Sunday, September 28, 2014

Dynamics of Misinformation in Education

A post about a broader topic, not just about IBL...

Misconceptions about IBL (or CCSS or other education efforts in general) are in part due to what I call "selective reporting."  When there's news about evidence that points towards using active, student-centered methods of teaching, it rarely receives much fanfare, so most people miss it.  On the other hand, if school district or academic institution is struggling to implement effective teaching, then the story makes it to mainstream news, creating a bias.  Put another way, the problem is that the full picture isn't being reported in a reasonable way, so the takeaway message is distorted one.

Here's an analogy that gets across the depth of the difference.  In photography, cropping is a way to change or enhance an image.  What we exclude can significantly alter the impact of an image.  

Picture #1.  The subject is a boy who appears to be pensive or annoyed.  Presented by itself the image leaves the viewer with a very specific interpretation.  It's definitely not about playful, youthful themes.

Picture #2:  What was really going on?  The subject was engaged in a variety of silly poses and only pretended to be annoyed in the image above.  Taking a look at the frames below shows the broader story, and a completely different perspective of what is happening.

In a similar way, news is reported in bits and pieces about education that leaves the broader story out of the picture.  An oversimplification of education is presented below just to get the point across.  The diagram is not how I actually think about the education system, but I think it's good enough for these purposes for a "back-of-the-envelop calculation."  

Let's assume the main groups of topics in education reform are listed in the diagram below.

What happens is that the media employs selective reporting, where the emphasis is on the problems with say implementation or highlighting a small subgroup's opinions disproportionately more than their earned merit (other stuff).  So to the non-expert it's easy to make incorrect/limited conclusions.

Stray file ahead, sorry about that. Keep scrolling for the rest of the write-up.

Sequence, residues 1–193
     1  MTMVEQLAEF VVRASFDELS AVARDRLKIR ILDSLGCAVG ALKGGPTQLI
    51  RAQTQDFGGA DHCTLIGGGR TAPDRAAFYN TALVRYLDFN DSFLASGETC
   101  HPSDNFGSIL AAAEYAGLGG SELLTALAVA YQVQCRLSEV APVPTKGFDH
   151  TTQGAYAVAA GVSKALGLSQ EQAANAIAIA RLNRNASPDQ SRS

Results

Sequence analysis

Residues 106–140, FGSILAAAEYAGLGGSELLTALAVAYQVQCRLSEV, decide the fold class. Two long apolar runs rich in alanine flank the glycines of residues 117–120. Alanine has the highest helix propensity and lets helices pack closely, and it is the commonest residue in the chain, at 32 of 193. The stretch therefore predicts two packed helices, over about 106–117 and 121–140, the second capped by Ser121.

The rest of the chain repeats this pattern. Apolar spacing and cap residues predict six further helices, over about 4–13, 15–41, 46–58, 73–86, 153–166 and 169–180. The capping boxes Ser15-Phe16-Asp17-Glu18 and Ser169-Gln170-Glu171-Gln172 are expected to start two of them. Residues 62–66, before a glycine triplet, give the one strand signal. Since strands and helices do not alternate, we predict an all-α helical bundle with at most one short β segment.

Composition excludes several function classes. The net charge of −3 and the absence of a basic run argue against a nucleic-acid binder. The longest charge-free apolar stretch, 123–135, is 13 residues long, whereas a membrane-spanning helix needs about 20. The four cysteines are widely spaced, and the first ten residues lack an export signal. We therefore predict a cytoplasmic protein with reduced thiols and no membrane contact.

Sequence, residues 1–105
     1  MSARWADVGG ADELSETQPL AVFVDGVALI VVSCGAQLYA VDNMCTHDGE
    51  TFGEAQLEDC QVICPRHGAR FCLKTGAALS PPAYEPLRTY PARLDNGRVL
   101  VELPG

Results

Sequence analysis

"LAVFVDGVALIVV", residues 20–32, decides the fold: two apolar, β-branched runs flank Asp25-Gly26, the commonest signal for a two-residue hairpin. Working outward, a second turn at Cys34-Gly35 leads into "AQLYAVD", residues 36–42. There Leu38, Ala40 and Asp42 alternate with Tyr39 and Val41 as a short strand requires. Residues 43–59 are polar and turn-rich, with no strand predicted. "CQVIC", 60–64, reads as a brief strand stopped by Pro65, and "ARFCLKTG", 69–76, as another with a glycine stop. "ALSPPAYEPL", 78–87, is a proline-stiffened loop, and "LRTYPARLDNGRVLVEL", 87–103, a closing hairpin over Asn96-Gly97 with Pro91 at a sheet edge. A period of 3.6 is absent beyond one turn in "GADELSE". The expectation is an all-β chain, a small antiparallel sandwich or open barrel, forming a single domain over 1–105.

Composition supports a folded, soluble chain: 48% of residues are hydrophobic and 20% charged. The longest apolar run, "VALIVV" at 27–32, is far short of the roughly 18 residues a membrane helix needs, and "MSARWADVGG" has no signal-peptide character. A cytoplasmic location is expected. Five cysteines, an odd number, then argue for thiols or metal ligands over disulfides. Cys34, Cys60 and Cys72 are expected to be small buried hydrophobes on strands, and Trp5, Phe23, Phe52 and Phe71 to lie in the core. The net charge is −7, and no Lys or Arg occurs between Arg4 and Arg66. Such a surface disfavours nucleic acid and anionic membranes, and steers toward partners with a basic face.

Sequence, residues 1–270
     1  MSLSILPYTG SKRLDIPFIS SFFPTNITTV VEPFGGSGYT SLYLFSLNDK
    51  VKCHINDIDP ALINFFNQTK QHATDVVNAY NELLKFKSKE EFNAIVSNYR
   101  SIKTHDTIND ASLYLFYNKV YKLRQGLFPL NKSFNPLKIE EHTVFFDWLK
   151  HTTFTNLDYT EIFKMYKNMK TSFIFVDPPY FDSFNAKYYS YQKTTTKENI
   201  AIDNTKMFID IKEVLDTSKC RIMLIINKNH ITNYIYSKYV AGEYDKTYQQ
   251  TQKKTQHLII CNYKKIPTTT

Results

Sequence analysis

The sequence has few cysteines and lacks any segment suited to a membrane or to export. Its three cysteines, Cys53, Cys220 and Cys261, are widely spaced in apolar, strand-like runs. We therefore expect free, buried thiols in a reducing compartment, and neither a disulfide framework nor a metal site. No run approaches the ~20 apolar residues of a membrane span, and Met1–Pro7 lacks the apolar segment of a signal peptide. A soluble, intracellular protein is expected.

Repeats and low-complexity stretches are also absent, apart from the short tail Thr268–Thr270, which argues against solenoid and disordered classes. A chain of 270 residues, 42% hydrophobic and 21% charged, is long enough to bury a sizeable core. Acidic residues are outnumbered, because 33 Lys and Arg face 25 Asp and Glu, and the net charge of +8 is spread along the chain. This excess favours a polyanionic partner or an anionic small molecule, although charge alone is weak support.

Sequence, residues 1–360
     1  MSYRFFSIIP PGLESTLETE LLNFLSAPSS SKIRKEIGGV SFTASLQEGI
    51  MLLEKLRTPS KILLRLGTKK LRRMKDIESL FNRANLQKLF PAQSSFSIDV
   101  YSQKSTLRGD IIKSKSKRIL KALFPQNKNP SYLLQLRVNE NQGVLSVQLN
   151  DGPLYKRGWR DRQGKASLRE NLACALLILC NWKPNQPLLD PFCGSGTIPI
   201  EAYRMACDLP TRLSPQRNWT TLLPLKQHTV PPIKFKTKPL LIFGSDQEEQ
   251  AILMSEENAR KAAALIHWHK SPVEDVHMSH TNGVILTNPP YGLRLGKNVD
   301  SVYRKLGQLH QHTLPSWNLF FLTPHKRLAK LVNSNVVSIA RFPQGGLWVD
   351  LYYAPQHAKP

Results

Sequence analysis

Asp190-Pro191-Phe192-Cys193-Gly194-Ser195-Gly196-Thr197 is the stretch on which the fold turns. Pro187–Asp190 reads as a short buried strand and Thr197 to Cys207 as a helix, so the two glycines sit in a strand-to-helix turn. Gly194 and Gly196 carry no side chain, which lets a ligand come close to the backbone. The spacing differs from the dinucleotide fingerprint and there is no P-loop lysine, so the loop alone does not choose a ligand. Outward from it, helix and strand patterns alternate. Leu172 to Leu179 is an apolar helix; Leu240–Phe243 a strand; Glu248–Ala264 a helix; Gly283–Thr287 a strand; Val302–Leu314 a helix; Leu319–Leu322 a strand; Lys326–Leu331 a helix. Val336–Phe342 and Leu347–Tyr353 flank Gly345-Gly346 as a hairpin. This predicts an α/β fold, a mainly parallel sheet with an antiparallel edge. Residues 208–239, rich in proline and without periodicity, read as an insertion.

For instance with respect to CCSS, the media emphasis has been on implementation struggles.  The public then could be swayed to think the entire CCSS idea is flawed, as opposed to seeing the problem for what it is -- early struggles with the transition.  Reporting rarely (if ever?) asks natural follow-up questions or provides a broader view to put the issues into context.  It's especially unfortunate, because education is a complex, long-term issue.  Therefore, context is fundamentally important to understanding what is going on in education, and context and framing is just what is being excluded by media reporting.

The math profession isn't entirely free of this.  The AMS published somewhat recently a Doceamus article in the AMS Notices, where a narrow study on "worked examples" was extrapolated to imply that constructivist and minimally-guided approaches were invalid.   This article made the rounds, but the article by Freeman et al, based on a metaanalysis of 225 research articles from STEM disciplines appeared to get less fanfare, despite being categorically a vastly stronger body of work in scale, quality, and value to society.

The dynamics of misinformation is subtle, because it's hard to know about things you don't know about already.  Undoing misconceptions is harder than informing people right the first time, so it's a problem that can snowball and lead to unproductive or harmful resolution.

The misinformation gap is here and is real.